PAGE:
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J Pathol Clin Res. 2015 Apr 9;1(3):160-72. doi: 10.1002/cjp2.17. eCollection 2015 Jul.

A 12-gene signature to distinguish colon cancer patients with better clinical outcome following treatment with 5-fluorouracil or FOLFIRI.

Author information

1
Molecular and Cellular Biology division, Centre de Recherche sur le Cancer de l'Université LavalQuebec City, QuébecCanada; Department of BiochemistryCentre for BioinformaticsMcGill UniversityThe Rosalind and Morris Goodman Cancer Research CentreMontrealQuebec, Canada.
2
Swiss Institute of Bioinformatics, Bioinformatics Core Facility Lausanne Switzerland.
3
Division of Experimental Medicine & Department of Oncology McGill University Segal Cancer Centre Jewish General Hospital Montreal, Quebec Canada.
4
Biological Sciences Department School of Arts and Sciences Lebanese International University Beirut Lebanon.
5
Molecular and Cellular Biology division, Centre de Recherche sur le Cancer de l'Université Laval Quebec City, Québec Canada.
6
Department of Biochemistry Centre for Bioinformatics McGill University The Rosalind and Morris Goodman Cancer Research Centre Montreal Quebec, Canada.
7
Swiss Institute of Bioinformatics, Bioinformatics Core FacilityLausanneSwitzerland; Department of OncologyUniversity of LausanneLudwig Center for Cancer ResearchLausanneSwitzerland.
8
Department of molecular biology medical biochemistry and pathology Laval University Centre de Recherche du CHU de Québec, Centre Hospitalier de l'Université Laval Québec Canada.

Abstract

Currently, there is no marker in use in the clinical management of colon cancer to predict which patients will respond efficiently to 5-fluorouracil (5-FU), a common component of all cytotoxic therapies. Our aim was to develop and validate a multigene signature associated with clinical outcome from 5-FU therapy and to determine if it could be used to identify patients who might respond better to alternate treatments. Using a panel of 5-FU resistant and sensitive colon cancer cell lines, we identified 103 differentially expressed genes providing us with a 5-FU response signature. We refined this signature using a clinically relevant DNA microarray-based dataset of 359 formalin-fixed and paraffin-embedded (FFPE) colon cancer samples. We then validated the final signature in an external independent DNA microarray-based dataset of 316 stage III FFPE samples from the PETACC-3 (Pan-European Trails in Alimentary Tract Cancers) clinical trial. Finally, using a drug sensitivity database of 658 cell lines, we generated a list of drugs that could sensitize 5-FU resistant patients using our signature. We confirmed using the PETACC-3 dataset that the overall survival of subjects responding well to 5-FU did not improve with the addition of irinotecan (FOLFIRI; two-sided log-rank test p = 0.795). Conversely, patients who responded poorly to 5-FU based on our 12-gene signature were associated with better survival on FOLFIRI therapy (one-sided log-rank test p = 0.039). This new multigene signature is readily applicable to FFPE samples and provides a new tool to help manage treatment in stage III colon cancer. It also provides the first evidence that a subgroup of colon cancer patients can respond better to FOLFIRI than 5-FU treatment alone.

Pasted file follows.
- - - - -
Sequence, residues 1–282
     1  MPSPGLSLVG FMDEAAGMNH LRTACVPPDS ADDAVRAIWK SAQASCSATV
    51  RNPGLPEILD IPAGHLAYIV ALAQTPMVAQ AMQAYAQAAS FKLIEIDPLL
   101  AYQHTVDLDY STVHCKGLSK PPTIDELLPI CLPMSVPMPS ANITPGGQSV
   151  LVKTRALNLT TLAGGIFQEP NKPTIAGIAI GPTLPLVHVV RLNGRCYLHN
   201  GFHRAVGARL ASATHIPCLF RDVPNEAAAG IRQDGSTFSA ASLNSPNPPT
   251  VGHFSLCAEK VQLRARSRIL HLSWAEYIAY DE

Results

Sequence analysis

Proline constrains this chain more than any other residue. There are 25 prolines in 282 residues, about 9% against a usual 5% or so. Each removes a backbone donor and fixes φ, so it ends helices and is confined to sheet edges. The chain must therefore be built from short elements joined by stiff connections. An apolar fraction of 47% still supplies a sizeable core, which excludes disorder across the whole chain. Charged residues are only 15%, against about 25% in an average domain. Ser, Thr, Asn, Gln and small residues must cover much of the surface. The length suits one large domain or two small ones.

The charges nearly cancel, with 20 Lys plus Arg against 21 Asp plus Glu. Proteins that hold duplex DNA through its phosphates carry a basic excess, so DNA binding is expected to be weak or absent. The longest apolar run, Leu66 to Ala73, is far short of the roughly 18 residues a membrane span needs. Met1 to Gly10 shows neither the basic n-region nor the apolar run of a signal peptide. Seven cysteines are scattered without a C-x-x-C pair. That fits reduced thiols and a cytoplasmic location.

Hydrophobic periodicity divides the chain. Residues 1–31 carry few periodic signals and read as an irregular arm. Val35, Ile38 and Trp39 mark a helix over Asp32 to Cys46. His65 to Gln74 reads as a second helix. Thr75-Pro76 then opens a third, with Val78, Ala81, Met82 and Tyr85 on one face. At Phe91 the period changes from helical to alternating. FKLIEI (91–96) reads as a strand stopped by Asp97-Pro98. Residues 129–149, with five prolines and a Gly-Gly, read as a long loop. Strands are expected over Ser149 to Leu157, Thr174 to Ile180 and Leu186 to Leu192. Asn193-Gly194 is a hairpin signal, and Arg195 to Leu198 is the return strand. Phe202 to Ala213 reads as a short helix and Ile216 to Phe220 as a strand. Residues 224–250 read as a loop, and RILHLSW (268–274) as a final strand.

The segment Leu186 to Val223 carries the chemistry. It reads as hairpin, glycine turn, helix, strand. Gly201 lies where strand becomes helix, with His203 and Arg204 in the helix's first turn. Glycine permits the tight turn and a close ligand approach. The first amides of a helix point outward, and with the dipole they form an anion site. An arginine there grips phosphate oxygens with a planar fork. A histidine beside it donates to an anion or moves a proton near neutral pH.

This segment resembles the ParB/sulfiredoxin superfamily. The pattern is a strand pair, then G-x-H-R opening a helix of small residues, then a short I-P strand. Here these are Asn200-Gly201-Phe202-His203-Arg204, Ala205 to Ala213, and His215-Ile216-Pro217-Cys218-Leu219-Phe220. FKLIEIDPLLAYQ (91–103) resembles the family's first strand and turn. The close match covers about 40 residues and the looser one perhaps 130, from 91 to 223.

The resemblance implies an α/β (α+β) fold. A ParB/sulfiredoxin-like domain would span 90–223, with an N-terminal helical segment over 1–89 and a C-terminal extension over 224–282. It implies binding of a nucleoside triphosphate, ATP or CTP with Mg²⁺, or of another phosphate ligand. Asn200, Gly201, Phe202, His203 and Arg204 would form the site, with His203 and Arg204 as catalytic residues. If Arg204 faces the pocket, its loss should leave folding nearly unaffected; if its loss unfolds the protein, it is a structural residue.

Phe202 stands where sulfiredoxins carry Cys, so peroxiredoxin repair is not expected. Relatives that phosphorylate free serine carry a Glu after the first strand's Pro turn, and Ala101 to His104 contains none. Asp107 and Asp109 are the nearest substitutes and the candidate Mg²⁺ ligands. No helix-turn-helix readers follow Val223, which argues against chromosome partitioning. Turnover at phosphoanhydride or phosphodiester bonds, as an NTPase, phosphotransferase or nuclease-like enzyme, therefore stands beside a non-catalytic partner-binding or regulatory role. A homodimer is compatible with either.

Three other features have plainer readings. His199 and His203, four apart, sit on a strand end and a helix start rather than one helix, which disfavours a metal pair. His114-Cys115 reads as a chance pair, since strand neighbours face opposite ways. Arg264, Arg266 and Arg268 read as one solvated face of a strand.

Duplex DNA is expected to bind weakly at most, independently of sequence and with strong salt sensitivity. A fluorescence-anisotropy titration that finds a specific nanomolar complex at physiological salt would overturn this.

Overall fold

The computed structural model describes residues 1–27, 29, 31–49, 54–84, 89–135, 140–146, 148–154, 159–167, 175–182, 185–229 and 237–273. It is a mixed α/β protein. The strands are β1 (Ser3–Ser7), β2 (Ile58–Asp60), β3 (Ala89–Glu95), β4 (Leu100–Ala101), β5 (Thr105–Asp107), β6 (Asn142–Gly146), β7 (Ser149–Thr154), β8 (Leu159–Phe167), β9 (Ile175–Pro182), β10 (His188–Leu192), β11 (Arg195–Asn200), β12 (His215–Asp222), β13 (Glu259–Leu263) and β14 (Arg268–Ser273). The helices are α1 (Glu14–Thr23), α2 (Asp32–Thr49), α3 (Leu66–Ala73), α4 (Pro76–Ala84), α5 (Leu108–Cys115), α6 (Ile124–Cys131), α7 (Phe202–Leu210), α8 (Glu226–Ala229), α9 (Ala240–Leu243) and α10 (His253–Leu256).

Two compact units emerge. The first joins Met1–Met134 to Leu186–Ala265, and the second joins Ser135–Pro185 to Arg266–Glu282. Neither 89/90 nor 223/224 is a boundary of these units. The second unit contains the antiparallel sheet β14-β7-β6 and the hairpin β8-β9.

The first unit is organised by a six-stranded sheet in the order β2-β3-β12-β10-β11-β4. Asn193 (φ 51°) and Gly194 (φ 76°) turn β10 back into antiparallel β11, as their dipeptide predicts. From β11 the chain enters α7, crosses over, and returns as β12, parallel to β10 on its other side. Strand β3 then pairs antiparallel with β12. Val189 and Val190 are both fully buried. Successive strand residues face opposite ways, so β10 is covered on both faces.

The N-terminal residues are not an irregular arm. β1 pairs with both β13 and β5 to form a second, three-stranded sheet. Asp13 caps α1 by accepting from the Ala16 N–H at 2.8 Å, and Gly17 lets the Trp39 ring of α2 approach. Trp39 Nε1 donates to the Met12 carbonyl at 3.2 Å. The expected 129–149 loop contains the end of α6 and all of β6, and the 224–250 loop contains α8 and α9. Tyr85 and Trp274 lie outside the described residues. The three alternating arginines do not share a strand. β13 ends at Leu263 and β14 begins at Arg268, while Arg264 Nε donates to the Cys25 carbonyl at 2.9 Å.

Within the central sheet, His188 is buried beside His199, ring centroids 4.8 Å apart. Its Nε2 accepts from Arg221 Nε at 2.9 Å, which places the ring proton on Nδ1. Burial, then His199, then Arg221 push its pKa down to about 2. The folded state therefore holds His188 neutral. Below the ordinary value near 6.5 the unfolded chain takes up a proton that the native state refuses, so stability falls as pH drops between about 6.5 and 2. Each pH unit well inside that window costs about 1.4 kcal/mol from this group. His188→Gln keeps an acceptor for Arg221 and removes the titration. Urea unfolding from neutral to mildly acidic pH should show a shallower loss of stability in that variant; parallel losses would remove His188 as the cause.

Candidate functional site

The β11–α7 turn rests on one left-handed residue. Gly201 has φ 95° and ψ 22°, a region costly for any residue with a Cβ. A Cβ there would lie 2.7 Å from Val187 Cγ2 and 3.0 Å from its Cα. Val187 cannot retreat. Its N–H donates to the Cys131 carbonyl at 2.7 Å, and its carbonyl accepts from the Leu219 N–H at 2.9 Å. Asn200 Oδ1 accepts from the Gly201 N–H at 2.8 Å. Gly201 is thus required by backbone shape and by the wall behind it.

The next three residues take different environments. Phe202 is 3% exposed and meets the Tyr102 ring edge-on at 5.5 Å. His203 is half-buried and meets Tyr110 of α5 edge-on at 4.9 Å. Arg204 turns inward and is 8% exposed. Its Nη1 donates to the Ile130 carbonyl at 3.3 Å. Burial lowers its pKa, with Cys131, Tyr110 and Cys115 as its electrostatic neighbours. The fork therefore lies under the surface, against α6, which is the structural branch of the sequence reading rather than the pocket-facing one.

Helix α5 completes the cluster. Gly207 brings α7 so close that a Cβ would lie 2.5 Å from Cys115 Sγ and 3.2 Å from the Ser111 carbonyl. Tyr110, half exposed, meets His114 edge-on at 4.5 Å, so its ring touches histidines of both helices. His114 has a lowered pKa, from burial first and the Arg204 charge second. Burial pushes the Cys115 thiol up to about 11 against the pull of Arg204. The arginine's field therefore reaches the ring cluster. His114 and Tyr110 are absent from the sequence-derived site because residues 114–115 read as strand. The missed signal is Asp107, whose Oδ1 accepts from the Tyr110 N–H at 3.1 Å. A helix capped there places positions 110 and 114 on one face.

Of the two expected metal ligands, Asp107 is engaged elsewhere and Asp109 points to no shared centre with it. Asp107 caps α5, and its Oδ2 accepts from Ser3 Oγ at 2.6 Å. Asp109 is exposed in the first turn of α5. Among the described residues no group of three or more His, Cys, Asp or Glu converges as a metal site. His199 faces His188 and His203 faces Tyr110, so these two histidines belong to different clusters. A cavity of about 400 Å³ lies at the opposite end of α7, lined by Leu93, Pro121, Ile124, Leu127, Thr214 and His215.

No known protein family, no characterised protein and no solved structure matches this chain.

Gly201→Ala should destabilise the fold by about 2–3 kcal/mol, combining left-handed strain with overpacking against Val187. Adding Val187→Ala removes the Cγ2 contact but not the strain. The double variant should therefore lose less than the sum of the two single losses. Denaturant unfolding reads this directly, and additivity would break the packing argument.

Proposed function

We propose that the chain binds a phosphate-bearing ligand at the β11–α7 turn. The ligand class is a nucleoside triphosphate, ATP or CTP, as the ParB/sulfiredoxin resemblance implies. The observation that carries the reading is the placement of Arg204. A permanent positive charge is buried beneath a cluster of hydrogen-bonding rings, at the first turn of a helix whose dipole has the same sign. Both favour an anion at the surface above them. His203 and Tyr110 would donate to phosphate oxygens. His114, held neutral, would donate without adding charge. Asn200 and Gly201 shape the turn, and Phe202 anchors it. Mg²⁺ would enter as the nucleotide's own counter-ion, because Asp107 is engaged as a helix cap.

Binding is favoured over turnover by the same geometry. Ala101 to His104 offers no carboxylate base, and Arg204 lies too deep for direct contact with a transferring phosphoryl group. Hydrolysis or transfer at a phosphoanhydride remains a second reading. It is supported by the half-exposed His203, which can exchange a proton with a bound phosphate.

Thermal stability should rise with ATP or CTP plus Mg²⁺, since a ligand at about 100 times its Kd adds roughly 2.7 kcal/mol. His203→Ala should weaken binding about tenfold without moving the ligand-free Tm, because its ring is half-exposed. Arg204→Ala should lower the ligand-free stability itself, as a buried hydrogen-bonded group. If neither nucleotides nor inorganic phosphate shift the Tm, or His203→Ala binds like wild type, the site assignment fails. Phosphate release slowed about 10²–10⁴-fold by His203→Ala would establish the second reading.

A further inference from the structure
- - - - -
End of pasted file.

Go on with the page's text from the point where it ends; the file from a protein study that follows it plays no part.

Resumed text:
KEYWORDS:

adjuvant; chemotherapy; colon neoplasms/drug therapy; colon neoplasms/genetics; colon neoplasms/mortality; gene expression profiling; gene expression regulation; neoplastic/genetics; prognosis; treatment outcome

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